Skin

SKIN is the latest film from director Guy Nattiv, telling the true story of Bryon Widner (Jamie Bell) a racist skinhead who turns his back on his life of hate to be with the women he loves, Julie (Danielle Macdonald), alongside some help from Daryle (Mike Colter), a black activist.

SKIN is one of the most powerful films at the Edinburgh film Festival, not only because of its subject matter but because of its brilliant storytelling. SKIN does glorify or shun its central character – a Nazi – but simply tells a real story. Bryon is a very difficult character to understand; he is racist, violent and aggressive. However, he is also caring and protective. The hate group he is a part of has clearly brainwashed him into being this way, by making him feel like they are the only ones that love him, that he is a part of the family and everyone else is the enemy. The way the leaders Fred ‘Hammer’ Krager (Bill Camp) and Shareen (Vera Farmiga) bring young people into their group with gifts and a home supposes they really do care about their own. However, this is a façade that the film pulls you into thinking, before pulling out the rug and revealing their truly horrible ways.

Fantastic acting from Jamie Bell, who manages to capture such a complex person so well, elevates this film from very good to excellent. Bell must have done his research before this role, as his reactions to the various horrific acts he commits seem genuine, as if he is actually experiencing them himself. That makes his journey of redemption so much more believable.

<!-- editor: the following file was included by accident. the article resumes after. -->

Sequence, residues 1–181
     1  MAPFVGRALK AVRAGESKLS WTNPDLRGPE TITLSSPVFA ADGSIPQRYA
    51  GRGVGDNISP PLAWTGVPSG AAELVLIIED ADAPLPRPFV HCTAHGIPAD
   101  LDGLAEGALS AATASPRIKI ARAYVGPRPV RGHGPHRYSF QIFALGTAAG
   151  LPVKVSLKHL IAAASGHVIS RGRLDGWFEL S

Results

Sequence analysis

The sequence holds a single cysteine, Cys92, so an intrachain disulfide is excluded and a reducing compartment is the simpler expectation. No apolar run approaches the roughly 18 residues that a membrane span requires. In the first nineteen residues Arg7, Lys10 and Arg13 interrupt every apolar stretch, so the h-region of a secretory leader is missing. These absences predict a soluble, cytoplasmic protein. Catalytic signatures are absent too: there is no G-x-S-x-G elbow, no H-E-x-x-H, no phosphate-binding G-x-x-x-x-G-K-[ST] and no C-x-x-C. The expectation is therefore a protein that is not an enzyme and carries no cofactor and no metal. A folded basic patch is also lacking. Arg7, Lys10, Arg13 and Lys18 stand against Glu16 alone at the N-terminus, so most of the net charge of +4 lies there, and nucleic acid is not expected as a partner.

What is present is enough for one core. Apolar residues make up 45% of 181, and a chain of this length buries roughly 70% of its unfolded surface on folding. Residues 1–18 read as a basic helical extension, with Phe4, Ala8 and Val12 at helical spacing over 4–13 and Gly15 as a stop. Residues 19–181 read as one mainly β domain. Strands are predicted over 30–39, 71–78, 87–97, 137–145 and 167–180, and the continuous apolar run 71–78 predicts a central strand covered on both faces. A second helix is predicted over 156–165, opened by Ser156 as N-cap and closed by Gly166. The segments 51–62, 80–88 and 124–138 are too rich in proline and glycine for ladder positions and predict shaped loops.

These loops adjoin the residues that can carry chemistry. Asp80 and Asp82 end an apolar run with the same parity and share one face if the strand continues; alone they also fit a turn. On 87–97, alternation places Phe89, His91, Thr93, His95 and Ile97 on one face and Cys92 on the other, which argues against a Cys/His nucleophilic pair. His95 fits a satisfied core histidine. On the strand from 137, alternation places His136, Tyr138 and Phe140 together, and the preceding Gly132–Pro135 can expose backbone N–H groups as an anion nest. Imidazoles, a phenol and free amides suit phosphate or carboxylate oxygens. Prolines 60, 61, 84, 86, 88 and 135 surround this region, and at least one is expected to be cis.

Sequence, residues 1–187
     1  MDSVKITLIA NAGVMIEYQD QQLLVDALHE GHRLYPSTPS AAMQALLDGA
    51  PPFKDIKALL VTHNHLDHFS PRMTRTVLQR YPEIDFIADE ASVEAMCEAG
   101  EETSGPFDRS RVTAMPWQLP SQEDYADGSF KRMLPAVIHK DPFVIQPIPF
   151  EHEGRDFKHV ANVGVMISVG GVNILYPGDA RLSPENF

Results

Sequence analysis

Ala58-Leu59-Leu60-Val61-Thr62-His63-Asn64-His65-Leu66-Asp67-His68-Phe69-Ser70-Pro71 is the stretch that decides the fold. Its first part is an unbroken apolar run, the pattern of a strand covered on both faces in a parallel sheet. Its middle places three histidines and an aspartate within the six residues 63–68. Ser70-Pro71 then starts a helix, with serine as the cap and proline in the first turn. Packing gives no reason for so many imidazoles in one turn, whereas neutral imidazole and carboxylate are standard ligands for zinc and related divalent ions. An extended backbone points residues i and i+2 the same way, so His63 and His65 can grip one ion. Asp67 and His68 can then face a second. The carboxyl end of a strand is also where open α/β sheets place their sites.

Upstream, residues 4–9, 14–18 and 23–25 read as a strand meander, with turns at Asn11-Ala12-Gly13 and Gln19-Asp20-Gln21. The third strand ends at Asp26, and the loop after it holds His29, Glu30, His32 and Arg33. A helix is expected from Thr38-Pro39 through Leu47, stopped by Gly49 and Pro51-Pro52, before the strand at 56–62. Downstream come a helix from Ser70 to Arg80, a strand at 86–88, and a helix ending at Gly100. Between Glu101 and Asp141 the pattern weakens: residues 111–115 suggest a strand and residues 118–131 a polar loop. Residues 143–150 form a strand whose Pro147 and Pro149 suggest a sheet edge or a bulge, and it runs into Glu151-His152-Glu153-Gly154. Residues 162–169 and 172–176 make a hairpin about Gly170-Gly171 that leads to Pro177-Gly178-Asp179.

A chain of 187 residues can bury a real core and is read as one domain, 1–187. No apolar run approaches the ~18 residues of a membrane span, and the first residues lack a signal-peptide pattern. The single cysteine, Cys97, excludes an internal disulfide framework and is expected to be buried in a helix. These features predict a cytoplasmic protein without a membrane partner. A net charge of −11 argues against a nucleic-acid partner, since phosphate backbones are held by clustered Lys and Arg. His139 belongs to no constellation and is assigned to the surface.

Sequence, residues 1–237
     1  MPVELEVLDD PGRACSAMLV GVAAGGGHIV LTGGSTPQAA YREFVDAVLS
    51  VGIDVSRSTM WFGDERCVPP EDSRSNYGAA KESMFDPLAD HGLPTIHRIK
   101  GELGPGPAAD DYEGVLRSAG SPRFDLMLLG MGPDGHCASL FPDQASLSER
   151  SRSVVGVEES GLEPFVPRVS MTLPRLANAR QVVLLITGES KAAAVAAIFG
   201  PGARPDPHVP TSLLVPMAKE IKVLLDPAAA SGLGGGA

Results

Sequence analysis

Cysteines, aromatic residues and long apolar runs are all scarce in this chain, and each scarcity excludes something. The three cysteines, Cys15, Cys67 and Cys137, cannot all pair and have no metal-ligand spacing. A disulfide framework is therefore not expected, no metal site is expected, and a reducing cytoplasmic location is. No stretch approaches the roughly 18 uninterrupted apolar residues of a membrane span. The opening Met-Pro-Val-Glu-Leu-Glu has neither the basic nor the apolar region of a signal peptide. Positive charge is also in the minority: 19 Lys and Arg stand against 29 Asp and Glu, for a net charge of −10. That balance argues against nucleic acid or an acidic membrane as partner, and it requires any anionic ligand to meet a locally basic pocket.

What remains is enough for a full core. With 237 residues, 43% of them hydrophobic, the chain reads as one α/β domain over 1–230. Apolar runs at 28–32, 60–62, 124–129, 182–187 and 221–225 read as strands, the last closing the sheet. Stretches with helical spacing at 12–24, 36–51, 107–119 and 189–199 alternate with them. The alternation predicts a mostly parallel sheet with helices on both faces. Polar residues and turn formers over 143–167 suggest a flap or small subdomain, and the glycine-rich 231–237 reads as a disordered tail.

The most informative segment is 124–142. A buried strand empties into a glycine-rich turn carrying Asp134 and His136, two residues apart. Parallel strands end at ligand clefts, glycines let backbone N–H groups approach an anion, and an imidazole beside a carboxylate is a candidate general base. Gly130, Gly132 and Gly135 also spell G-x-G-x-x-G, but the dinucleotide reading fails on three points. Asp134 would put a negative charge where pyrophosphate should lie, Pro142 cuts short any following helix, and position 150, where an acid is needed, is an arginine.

The film does not at any point tell you how to feel, it does not signpost for you to feel angry or for you to empathise. The cues are simply done through visual storytelling. Throughout the film there is a constant reminder that Bryon does find a way out of his toxic lifestyle, this is done through shots of his tattoo removal surgery; however, when watching you forget this. These sequences make you feel how Bryon must have been feeling: how can he ever be forgiven for what he has done, how can he ever find a way out? But the framing device always reminds us there is a way out.

The film does not waste time with long visual metaphors, instead always focusing on the story. Nattiv allows dialogue and the interactions between characters to speak for itself, anything else is left for interpretation.

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